Cantaloupes range in color from orange-yellow to salmon and have a soft and juicy texture with a sweet, musky aroma that emanates through the melon when it is ripe. Cantaloupes feature a hollow cavity that contains their seeds encased in a web of netting.
Cantaloupe is also known as rockmelon in several parts of the world. The scientific name for cantaloupe is Cucumis melo.
History
The exact origin of melons is unclear, although they are thought to have originated in either India, Africa or ancient Persia and have been cultivated in these lands since ancient times. Historical texts from Greek and Roman times note that these ancient civilizations enjoyed cantaloupes. They were introduced to the United States during colonial times but were not grown commercially until the very late 19th century. Today, major growers of cantaloupe include the United States, Turkey, Iran and many Central American countries.
How to Select and Store
The key to purchasing a good quality melon is to find one that is ripe, which is sometimes a challenge because oftentimes they are picked while still unripe in order to ensure that they make it through the shipping process undamaged. There are many clues that you can look for to find a melon that is ripe. If you tap the melon with the palm of your hand and hear a hollow sound, the melon has passed the first test.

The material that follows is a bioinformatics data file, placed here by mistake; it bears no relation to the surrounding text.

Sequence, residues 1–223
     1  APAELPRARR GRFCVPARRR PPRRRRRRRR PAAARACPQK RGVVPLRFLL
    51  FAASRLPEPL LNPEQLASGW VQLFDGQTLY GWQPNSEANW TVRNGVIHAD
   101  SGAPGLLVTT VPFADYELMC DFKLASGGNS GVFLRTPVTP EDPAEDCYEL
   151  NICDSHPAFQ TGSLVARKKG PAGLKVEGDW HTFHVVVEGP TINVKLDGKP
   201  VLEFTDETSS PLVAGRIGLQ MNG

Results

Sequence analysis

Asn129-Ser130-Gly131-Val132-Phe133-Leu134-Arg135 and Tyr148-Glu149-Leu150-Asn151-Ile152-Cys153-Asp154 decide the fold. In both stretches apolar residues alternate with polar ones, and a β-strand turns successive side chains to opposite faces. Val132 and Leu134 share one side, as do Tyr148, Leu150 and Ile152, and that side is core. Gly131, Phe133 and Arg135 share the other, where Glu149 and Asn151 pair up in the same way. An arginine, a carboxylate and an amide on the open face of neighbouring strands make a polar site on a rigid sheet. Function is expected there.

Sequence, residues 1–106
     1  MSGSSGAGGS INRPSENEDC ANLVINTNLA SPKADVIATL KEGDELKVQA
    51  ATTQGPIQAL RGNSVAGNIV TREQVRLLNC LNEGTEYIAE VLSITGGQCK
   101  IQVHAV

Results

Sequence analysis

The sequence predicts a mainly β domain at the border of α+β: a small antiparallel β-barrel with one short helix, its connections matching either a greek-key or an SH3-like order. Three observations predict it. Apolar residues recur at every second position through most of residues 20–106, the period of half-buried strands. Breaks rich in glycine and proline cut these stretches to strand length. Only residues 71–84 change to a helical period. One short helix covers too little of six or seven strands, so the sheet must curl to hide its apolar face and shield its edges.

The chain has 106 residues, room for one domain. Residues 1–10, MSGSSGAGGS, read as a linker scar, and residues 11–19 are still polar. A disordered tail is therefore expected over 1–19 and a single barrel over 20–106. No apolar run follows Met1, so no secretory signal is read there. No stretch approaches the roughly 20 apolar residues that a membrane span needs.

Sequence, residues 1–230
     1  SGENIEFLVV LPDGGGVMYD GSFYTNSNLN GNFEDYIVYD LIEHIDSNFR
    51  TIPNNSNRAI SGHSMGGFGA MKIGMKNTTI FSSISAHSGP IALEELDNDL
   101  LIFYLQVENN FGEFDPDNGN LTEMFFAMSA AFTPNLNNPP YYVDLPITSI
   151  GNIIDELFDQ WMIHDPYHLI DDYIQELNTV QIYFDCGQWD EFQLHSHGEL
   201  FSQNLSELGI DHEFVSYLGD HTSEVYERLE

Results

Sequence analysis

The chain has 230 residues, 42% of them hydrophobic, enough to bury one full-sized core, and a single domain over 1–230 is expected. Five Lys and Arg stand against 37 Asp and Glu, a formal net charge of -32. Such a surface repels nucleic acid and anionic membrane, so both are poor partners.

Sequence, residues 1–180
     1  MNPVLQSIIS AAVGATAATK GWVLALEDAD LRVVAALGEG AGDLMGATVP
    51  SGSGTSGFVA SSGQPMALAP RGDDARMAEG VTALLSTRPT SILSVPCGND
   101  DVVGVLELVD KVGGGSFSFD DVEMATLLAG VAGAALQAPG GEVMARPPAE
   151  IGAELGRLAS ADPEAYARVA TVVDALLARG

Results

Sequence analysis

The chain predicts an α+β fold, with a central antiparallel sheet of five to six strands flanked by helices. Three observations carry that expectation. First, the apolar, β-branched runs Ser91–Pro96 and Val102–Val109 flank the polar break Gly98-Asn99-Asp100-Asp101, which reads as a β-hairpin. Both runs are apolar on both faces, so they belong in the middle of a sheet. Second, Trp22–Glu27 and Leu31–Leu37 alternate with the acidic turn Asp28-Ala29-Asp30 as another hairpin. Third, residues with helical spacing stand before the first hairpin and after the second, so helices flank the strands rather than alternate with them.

Choose a melon that seems heavy for its size, and one that does not have bruises or overly soft spots. The rind, underneath the netting, should have turned to yellow or cream from the green undertones that the unripe fruit has. The “full slip,” the area where the stem was attached, should be smooth and slightly indented, free from remnants of the stem. The end opposite the full slip should be slightly soft, and you should be able to smell the fruit’s sweetness subtly shining through, although be careful since an overly strong odor may be an indication of an overripe, fermented fruit. Cantaloupe is so fragrant that you will be able to test for its aroma of ripeness even if you purchase already cut cantaloupe, packaged in a plastic container.
For the most antioxidants, choose fully ripened melon:

Research conducted at the University of Innsbruck in Austria suggests that as fruits fully ripen, almost to the point of spoilage, their antioxidant levels actually increase.
Key to the process is the change in color that occurs as fruits ripen, a similar process to that seen in the fall when leaves turn from green to red to yellow to brown- a color change caused by the breakdown and disappearance of chlorophyll, which gives leaves and fruits their green color.
Until now, no one really knew what happened to chlorophyll during this process, but lead researcher, Bernard Kräutler, and his team, working together with botanists over the past several years, has identified the first decomposition products in leaves: colorless, polar NCCs (nonfluorescing chlorophyll catabolytes), that contain four pyrrole rings – like chlorophyll and heme.
Leaving a firm cantaloupe at room temperature for several days will allow the texture of its flesh to become softer and juicier. Please note that cantaloupe can be left at room temperature only if it is whole, intact, and not yet to the stage of full ripeness.